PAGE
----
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Do We Need to Spend $4.7M On A Champions Tour Event?

Which way to Rue-Sainte Catherine? Champions Tour golfer Peter Jacobsen, in Montreal yesterday for the introduction of a new Champions Tour event, asks about locating evening entertainment in the city.

I spent some time on the phone yesterday with David Skitt, the founder of Synchro Sports in Montreal, which formally announced the Champions Tour event yesterday.Skitt will be the tournament director for the event.

“I don’t know how you found out about it, but nice job,” he joked at the end of the call, referencing the story I did on the event a couple of weeks back.

So here are the salient details:

  • Discussion on a Champions Tour event started in 2006.
  • $4.7 million in funding, split between the Quebec and Federal governments over three years.
  • Expected to generate more than $22-million in revenue for the region.
  • Being played at Le Fountainebleau, a ClubLink course in Montreal. But Skitt expects it to move to different venues — and is looking at some classic courses in Montreal. They need to be about 6,800 yards long.
  • Skitt plans to lobby for players, including Fred Couples, Lee Trevino (who I thought was basically retired), Greg Norman, Gary Player and others.
  • He would not speculate on how many spectators would show up.
  • There is a French telecast for Quebec, while the English telecast will be time-delayed by Golf Channel.
  • Only one sponsor’s exemption for a Canadian player — at least that’s how it appears to Skitt. One Quebec player will gain access to the field through a qualifier. There are other exemptions, but they’d go to former champions, etc. Strikes me that Richard Zokol, Dave Barr, or Jim Rutledge would seem like obvious choices. Or what about a Quebec amateur like Graham Cooke?
  • Synchro had run the Canadian Tour event in Montreal for the past six years — and hopes to do so this year, though on a lesser scale than in the past.

I do have some questions:

  • In the announcement, Quebec provincial ministers involved in the funding cited golf’s position as an Olympic sport in 2016 as a reason for pumping cash into the event. But there’s a better chance that some of the golfers in the field in Montreal will be in a seniors’ home than in Brazil in 2016. I guess I just don’t see the connection.
  • Skitt said budgets for the event involved a conservative number of spectators. He wouldn’t say how big or small that number was.
  • No title sponsor was named, and that was part of the reason for the need for government cash. But Skitt said he’s close to landing a sponsor. Will they then give part of the gov’t cash back? (Yeah, I know, pretty unlikely…)
  • I asked Skitt about getting gov’t cash for a one-week tournament when the economy is delicate and all levels of government are running deficits. He pointed to the Olympic thing, as well as the interest this will bring to golf in Quebec. I hope the event attracts more people to the game, but I can’t say I’m convinced.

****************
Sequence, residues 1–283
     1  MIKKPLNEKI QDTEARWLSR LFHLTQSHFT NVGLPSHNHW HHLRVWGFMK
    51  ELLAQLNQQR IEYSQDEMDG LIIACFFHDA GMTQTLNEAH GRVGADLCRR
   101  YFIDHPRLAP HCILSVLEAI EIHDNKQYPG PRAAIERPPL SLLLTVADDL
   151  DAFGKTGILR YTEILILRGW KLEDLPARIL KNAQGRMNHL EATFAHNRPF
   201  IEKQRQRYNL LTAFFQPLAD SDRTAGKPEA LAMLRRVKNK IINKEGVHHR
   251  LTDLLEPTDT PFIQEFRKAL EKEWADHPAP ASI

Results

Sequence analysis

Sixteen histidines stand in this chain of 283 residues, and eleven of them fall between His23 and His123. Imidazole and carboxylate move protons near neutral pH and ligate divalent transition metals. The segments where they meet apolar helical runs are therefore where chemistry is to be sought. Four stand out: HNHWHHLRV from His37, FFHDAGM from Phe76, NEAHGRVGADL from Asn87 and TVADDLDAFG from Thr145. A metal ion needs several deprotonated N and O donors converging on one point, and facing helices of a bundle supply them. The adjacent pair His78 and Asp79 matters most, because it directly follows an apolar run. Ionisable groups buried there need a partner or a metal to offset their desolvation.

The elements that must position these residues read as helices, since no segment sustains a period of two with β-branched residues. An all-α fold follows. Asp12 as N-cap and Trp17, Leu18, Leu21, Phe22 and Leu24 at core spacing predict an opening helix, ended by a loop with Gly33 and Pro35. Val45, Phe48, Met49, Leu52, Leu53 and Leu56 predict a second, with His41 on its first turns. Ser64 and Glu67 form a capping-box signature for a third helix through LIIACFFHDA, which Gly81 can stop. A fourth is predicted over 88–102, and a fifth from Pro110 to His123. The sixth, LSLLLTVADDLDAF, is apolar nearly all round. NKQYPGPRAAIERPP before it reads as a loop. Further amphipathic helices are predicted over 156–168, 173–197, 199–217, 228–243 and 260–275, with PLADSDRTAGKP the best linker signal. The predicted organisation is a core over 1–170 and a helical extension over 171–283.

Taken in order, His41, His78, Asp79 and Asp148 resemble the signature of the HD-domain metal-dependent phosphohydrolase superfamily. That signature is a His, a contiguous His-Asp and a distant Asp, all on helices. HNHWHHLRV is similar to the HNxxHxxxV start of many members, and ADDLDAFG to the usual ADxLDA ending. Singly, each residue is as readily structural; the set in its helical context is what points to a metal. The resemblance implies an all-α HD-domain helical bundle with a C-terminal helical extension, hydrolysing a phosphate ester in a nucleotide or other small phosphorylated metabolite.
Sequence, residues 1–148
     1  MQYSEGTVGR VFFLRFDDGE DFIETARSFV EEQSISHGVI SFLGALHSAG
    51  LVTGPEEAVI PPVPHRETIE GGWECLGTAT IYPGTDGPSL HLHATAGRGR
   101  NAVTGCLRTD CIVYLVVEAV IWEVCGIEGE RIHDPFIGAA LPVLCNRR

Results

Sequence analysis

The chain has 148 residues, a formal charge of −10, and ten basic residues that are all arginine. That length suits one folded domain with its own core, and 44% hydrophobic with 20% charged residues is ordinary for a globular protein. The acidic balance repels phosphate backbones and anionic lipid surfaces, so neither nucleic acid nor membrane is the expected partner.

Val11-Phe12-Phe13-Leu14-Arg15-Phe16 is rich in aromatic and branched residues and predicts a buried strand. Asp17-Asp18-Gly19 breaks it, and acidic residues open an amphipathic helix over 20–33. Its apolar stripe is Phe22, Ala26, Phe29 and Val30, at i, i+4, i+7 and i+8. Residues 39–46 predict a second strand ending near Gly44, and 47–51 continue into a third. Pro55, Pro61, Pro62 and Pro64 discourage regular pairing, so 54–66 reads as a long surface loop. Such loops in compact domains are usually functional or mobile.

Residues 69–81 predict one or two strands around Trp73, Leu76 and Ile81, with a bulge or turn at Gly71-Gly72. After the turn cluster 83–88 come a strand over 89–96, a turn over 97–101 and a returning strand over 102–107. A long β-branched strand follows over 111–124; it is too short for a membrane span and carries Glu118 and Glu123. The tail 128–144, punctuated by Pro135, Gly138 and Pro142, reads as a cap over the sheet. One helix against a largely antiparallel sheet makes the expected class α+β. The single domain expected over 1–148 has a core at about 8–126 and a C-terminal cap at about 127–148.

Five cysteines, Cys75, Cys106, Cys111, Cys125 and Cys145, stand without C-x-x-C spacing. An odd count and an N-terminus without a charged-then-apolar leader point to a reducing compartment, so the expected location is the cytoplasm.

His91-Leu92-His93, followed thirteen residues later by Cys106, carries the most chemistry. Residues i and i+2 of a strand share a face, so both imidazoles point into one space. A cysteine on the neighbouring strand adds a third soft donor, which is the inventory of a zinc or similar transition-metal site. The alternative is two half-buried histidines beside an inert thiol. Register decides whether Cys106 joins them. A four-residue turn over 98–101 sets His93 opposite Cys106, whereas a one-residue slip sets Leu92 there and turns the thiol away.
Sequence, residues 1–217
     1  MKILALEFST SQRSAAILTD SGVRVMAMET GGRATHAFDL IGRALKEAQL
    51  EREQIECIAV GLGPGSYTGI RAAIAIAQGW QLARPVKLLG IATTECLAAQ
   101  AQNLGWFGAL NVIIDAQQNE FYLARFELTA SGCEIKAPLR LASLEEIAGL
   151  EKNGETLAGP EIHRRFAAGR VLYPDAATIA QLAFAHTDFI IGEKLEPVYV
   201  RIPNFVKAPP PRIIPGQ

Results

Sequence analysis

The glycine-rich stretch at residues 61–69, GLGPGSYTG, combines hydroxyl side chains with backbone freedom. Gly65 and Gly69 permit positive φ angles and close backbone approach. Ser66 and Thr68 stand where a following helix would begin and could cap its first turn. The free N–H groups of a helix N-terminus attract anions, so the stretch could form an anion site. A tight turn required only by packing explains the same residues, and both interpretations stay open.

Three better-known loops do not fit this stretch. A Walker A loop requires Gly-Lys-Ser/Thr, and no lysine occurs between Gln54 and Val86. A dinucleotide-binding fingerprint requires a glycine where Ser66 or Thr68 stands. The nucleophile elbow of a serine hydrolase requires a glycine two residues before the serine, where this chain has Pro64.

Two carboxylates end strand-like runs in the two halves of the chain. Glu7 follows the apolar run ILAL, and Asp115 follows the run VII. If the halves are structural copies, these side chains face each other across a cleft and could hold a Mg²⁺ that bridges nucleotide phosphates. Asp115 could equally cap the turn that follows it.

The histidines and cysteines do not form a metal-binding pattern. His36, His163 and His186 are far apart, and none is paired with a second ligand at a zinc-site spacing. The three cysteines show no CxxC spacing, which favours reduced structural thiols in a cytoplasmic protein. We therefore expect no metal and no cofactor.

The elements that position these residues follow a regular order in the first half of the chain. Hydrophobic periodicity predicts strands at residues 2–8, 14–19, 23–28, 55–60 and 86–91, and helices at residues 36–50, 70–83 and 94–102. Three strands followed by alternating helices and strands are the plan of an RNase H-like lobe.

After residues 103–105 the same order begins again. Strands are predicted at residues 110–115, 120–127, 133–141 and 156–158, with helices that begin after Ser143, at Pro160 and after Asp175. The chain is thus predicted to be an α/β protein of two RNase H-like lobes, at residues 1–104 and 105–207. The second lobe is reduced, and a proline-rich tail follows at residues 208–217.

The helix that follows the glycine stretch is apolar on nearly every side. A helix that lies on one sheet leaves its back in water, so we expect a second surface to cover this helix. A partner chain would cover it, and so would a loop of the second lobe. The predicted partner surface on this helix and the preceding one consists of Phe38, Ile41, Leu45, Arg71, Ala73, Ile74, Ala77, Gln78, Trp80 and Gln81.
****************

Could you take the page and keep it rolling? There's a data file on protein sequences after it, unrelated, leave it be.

• Would Greg Norman really come to play in Quebec? He really only plays a couple of Senior Champions Tour events each year.

One of the things that struck me was the insistence that the players are the Champions Tour are more fan-friendly than those on the PGA Tour. Why would that be? After all, these are the same guys that graduated from the PGA Tour and no one can tell me Hale Irwin was a lot of fun to be around back in the day. The suggestion the Champions Tour is the male equivalent of the LPGA Tour is kind of hard to fathom.

That said, there are some interesting potential players. Tom Lehman, Fred Couples, and Corey Pavin and are all on the Champions Tour this year, though Lehman may still play PGA Tour events and Couples’  back provides no guarantees. Still, the likes of Nick Price, Mark O’Meara and Ben Crenshaw make the event potentially intriguing. Hell, I’d like to sit down with Crenshaw and just talk about his golf design efforts.

Hopefully Synchro can pull this off despite my concerns. By all accounts they’ve run a top-notch CanTour event in Montreal, arguably the best on the tour. There’s no reason to think they can’t make that translate onto the Champions Tour.

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Robert Thompson

A bestselling author and award-winning columnist, Robert Thompson has been writing about business and sports, and particularly golf, for almost two decades. His reporting and commentary on golf has appeared in Golf Magazine, the Globe and Mail, T&L Golf and many other media outlets. Currently Robert is a columnist with Global Golf Post, golf analyst for Global News and Shaw Communications, and Senior Writer to ScoreGolf. The Going for the Green blog was launched in 2004.

5 CommentsLeave a comment

  • I had the same answer for Weeksey, RT about this very subject.
    The guys on the Champions Tour tend to be happier and smile more for the tv audience. They basically enjoy themselves more than the perpetually serious PGA Tour guys. Easy to figure out why also. No cuts out there, lots of money, warm weather, cigars, and they ride in carts! Most of them are damn good players too, and with the shorter courses they play, that will translate into lots of birdies which the general public usually likes!
    Myself included. Even the big boys on the Euro Tour are more fan friendly and entertaining to watch than the big boys on the US Tour.

  • Give these guys some credit for at least making it happen…which is more than we can say for other organizations…should me like no other CT event in Canada…

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